Father Le Jeune and the Indians

A picturesque contemporary article about Father Le Jeune’s wildly popular Chinuk pipa (Chinook Writing):

father le jeune and the indians

Father Le Jeune and the Indians. Under date of September 20th, Father Le Jeune, O.M.I., of Kamloops, B.C., writes to THE STENOGRAPHER a very interesting letter. He says that he is in regular receipt of THE STENOGRAPHER, which, after perusal, is treasured up in the most honored part of his little library. He has favored us with a copy of the Smithsonian Institution’s “Bibliography of the Chinookan Languages,” which, under his name, gives all the information required concerning Chinook shorthand up to date of publication, March, 1893.

Since then his progress has been going on, sometimes slowly but yet steadily. He says: “Last April I had occasion to make a trip out of my own district as far as Pentikton, in the Okanagon Valley. In three days I initiated the natives there in the knowledge of the new writing, and their zealous pastor, Father Marchal continued the work after my departure. I had to send that way 150 copies of the Chinook First Readers, of which over 800 have now gone out of my hands. As I am writing to you my Indian printers are turning out 500 more copies of the same on the mimeograph. During the Summer the work is slow, as the Indians are scattered about trying to make their living — some at the salmon canneries, some along the railroads where they are considered the best of workmen, some at picking hops, others, still old-fashioned, at their hunting grounds, while their women are picking the huckle, blue and other berries, or putting up their supply of dried salmon for the winter. The best, who have given up their Indian ways of securing their sustenance, stick to the ground, farming and raising stock. One Indian last fall sold over $1,000 worth of wheat, retaining sufficient for himself and family. So you see there is little time left for the study of shorthand. Still, not a few take a course of instruction. Among them there are some good stenographers. The start has now been made and I hope rapid success will follow. Last week I visited a settler, some 4,000 feet above the sea level. He is a half-breed and married to an Indian woman who is very bright, understanding shorthand. While there, I copied out four or five pages of an English book, writing it in shorthand, and asked the young woman to read it, which she did quite readily and intelligently, although she hardly understands “yes” and “no” in English. I tell you my half-breed friend was proud of his little wife.”

Father Le Jeune then gives a detailed account of his journeyings up and down the country, meeting Indians here and there at places many miles apart, teaching them, assisting them in very many ways, both as clergyman and as a friend, administering to their wants physical and spiritual. The letter is exceedingly interesting, and we regret we have not space to print it in full.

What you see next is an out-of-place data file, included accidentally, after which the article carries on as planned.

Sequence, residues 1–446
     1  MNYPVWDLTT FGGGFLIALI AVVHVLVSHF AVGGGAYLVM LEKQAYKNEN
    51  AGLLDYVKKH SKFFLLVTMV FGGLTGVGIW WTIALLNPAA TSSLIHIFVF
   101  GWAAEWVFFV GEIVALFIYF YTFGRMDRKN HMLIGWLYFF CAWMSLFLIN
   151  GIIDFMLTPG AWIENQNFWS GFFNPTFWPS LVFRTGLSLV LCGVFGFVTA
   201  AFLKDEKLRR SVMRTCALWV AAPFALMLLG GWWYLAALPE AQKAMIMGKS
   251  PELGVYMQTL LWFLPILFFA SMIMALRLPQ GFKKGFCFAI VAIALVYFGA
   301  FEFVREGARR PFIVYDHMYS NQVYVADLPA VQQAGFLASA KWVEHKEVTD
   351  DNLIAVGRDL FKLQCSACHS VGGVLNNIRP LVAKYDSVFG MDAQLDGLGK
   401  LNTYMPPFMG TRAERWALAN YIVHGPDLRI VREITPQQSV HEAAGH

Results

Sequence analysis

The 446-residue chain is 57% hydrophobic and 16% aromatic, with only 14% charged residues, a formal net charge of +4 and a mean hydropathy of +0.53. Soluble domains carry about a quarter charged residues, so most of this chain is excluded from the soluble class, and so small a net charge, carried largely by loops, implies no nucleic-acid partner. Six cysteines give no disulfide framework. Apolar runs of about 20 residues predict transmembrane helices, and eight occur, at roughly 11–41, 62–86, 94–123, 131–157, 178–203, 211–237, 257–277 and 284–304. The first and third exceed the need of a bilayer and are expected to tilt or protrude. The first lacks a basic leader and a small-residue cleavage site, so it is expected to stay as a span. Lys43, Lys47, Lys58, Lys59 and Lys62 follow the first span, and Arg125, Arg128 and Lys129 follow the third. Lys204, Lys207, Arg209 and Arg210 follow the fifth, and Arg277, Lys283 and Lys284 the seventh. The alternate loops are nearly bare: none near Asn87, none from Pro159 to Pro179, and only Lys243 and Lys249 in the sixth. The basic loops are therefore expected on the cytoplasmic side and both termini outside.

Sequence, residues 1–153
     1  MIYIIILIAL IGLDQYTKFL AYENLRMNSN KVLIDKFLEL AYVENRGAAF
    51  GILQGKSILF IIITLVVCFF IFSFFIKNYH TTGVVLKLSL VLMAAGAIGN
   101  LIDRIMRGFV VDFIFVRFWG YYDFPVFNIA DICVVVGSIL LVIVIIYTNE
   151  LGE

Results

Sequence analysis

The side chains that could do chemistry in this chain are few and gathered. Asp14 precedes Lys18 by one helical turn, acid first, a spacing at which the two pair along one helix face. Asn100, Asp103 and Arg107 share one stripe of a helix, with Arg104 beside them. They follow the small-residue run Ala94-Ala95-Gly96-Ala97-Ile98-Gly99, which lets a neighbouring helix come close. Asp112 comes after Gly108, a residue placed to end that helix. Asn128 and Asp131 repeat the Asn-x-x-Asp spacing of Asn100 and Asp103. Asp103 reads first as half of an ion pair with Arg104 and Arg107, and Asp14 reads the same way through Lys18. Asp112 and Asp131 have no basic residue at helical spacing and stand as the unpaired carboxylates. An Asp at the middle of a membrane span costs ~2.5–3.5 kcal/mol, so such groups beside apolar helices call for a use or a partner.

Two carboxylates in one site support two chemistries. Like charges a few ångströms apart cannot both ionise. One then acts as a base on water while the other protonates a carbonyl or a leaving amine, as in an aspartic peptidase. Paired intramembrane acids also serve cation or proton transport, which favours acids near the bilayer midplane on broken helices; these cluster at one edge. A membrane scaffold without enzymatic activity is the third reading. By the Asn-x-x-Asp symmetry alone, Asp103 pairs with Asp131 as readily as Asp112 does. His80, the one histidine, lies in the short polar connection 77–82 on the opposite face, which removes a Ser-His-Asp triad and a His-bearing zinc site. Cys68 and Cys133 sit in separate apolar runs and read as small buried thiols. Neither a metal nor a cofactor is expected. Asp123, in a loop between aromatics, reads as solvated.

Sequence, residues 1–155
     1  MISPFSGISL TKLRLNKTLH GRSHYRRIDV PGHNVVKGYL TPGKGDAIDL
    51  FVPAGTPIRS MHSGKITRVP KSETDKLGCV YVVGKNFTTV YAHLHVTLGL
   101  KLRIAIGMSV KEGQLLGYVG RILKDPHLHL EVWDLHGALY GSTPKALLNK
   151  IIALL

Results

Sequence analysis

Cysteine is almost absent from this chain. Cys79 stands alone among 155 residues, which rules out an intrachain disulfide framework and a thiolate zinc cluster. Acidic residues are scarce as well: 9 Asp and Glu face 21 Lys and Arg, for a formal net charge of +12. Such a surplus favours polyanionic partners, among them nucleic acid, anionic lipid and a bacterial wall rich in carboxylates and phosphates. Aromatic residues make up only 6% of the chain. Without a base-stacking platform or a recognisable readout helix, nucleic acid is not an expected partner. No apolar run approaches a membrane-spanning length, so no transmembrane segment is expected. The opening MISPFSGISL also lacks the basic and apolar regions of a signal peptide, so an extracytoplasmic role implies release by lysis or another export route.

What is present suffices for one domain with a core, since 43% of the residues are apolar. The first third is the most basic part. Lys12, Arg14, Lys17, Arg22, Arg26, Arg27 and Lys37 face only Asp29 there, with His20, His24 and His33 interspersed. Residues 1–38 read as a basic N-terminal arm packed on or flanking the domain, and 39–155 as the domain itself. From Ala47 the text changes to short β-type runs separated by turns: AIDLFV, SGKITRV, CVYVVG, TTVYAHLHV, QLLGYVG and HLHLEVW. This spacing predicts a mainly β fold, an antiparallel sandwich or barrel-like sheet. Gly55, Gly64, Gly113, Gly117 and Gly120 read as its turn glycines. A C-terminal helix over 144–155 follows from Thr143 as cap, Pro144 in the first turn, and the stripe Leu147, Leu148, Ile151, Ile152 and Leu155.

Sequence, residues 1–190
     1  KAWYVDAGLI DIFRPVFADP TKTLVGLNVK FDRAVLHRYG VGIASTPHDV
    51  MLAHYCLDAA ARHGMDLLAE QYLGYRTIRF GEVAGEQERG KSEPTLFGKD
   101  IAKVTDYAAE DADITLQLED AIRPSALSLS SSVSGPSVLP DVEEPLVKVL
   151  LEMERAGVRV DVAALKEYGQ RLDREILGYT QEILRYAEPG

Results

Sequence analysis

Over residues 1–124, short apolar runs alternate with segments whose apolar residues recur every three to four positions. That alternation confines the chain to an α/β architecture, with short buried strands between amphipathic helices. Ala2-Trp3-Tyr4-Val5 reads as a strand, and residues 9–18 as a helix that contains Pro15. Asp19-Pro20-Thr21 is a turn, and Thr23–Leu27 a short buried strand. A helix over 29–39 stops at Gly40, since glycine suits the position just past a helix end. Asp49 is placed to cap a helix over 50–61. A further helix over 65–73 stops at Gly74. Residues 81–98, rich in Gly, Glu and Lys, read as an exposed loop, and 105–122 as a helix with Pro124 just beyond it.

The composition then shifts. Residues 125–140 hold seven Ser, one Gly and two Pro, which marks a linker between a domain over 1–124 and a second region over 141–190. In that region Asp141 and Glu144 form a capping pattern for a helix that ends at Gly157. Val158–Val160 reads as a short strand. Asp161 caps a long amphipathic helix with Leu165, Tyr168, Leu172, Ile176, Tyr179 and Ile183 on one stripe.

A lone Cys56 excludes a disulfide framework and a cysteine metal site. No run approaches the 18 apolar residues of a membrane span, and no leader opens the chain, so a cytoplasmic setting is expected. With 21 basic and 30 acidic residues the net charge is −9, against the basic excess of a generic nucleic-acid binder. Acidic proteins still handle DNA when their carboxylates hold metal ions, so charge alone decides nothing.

Father Le Jeune is a feeble man and in delicate health, and very anxious of having some one to second him in his efforts. Since he went into this country in 1879, there have been fifteen chapels built, which are attended to by him, giving him a heavy financial burden to carry. He says: “I always feel very unwilling to apply to anybody’s generosity for my needs. Everlasting blessings on those who may be inspired to do something to help in the good work in which I am engaged.”

In one of his circulars Father Le Jeune says: “Our good Indians are now thankful to God for the blessing of being able to read shorthand. Some of them were saying lately, ‘we receive now as much instruction in one week as we were able to learn before in several months, when we had no other way of learning than by endless repetitions.’ ” He says: “We have the full encouragement and co-operation of the Right Rev. Bishop Durieu, of New Westminster and the other missionaries in the province, whose names he gives for reference: Rev. Father J.M. Le Jacq, O.M.I., William’s Lake; Rev. Father Chiappini, O.M.I., William’s Lake; Rev. Father E.C. Chirouse, O.M.I., Mission City; Rev. Father Bunoz, O.M.I., Mission City; Rev. Father C. Marchal, O.M.I., Okanagon Mission; Rev. Father N. Coccla [Coccola], O.M.I., St. Eugene’s Mission, and others. A letter addressed to Father Le Jeune, at Kamloops, B.C., asking for information or proffering assistance will be thankfully received.

— The Stenographer, Volume 5 Number 1 (November 1893), page 323

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